One of the most distinct voices on Yeezus, Kanye West’s 2013 abrasive mishmash of sounds, was that of a then relatively unknown 23-year-old Venezuelan artist who produces under the name Arca. But not once do we hear his actual voice on the record; instead, he and West’s diverse cast of in-house producers collaborated on four of the album’s darkest tracks—“Hold My Liquor,” “I’m in It,” “Blood on the Leaves,” and “Send It Up”—making his glitchy, industrial flourishes his loudest identifier on the album.
Now Arca has released his debut album, Xen, on Nov. 4, just as he’s in the middle of co-producing yet another album for a high-profile kindred spirit—this time Björk. But who, exactly, is Arca, and how has he managed to attract the likes of Kanye West, FKA Twigs, and Björk all before putting out his first full-length album? Here's a primer.
Arca got his start in 2012, when he put out three impressive EPs, Barón Libre, Stretch 1, and Stretch 2, that each played with trip-hop structures reminiscent of those Massive Attack championed in the early ’90s. After being recruited for Yeezus—and sending Kanye “the strangest music [he] had,” as he describes the creative process—most would’ve likely tried to capitalize on the attention to build buzz for their own solo work. But rather than ride that wave, Arca remained mostly under the radar for the whole of 2013, not even granting any interviews. He spoke, instead, solely through the music, releasing his &&&&& mixtape, a 25-minute symphonic sound collage that turned even more heads. Though the tape contains 13 individual electronica and trap-influenced songs—most shorter than two minutes in length—it plays as one long, fluid track that’s as disorienting and intense as the work he did for Yeezus.
But &&&&& and Yeezus weren’t the only projects Arca had been a part of in 2013. That same year, after an “inorganic introduction” arranged by his manager and FKA Twigs’ manager quickly turned towards genuine mutual appreciation, he began sessions with her for her second release, EP2, collaborating with Twigs on her breakthrough single, “Water Me.” It’s the pulsating, woozy sound they developed together that weaves in and out of Twigs’ debut album, LP1, making a particularly strong impression on standout tracks like “Lights On.”
As with Twigs, a large part of Arca’s appeal is in his videos. He dreams them up together with his longtime collaborator, director and visual artist Jesse Kanda, who previously directed the video for Twigs’ “Water Me” and designed the stunning cover art for LP1. Last year, they developed a seven-part “reflection of [their] subconscious” shown at MoMA PS1, two parts of which have been released in the form of unsettling, entrancing videos for songs from Arca’s &&&&& mixtape, “Knot” and “Harness." Many have likened their partnership to the collaborations of Chris Cunningham and Aphex Twin. But while Cunningham’s visuals always felt like extensions of Aphex Twin’s work, Kanda’s art seems to inform Arca’s.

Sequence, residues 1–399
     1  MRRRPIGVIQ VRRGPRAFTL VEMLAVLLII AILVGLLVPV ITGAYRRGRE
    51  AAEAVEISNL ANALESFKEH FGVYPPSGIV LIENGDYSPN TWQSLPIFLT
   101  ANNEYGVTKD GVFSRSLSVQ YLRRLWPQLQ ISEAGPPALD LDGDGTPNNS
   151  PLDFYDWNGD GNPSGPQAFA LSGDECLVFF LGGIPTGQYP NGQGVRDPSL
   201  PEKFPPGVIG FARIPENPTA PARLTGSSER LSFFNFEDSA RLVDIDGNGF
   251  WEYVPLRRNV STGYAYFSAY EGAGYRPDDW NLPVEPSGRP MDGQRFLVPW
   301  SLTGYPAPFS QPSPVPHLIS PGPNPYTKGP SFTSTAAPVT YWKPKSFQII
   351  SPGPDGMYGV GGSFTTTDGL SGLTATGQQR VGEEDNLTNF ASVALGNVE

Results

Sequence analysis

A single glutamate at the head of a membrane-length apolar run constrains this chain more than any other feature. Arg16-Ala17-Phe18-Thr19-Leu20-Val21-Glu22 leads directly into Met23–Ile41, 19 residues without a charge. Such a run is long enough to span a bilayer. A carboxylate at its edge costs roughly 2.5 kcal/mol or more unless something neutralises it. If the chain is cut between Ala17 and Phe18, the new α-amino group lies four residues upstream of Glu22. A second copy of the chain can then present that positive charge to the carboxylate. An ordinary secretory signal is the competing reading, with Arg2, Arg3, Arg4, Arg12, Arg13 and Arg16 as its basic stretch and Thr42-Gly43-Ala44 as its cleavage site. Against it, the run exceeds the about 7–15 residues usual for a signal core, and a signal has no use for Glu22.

Their two most recent videos for “Thievery” and “Now You Know”—off Xen—match the music closely enough that at times they feel less like visual like visual accompaniment than the music’s actual sound waves captured on film. “Thievery,” a song that vaguely recalls Major Lazer’s “Get Free,” stars Xen, a “digitally-rendered, gender-ambiguous character,” who twists and gyrates her body to the every vibration of the song as if Arca constructed the beat just for Xen. Similarly, in “Now You Know,” a dazzling 360-degree aerial view of an urban fireworks display filmed by a drone in the midst of it, the synths are so explosively aligned with the show that I’d be very surprised if Arca produced the track before Kanda shot that footage.
For most of Arca’s ascension in the music world—to the level where he’s now co-producing Björk’s next album—he’s kept himself mysterious. But, recently, he opened up to The Fader for what’s become the definitive piece on Alejandro Ghersi, the man who's been working under the alias Arca all this time. It’s in that cover story that Arca delved into his sexuality and introduced the world to Xen—a gender-ambiguous identity he’s been privately using since he was 13—who serves as both his alter ego and the subject of his new album. Xen’s a “very sassy, confident, very feminine side of [Ghersi],” Kanda explains. “It’s this kind of ghost. A spirit. Alejandro’s spirit.”
With that kind of hyperreality at the heart of his music, it’s not hard to surmise why a person like Ghersi and a persona like Arca would gel so naturally with Kanye, Björk, and FKA Twigs' own individual creative minds, which they all seem to get completely lost in when they’re in the zone. Alongside Twigs, Björk, and Kanye—all praised for both their avant-garde music and their subversive approaches—Arca fits right in as he continues to thwart gender binaries in both his personal life and his music. As enviable as his résumé already is, it seems he’s just warming up.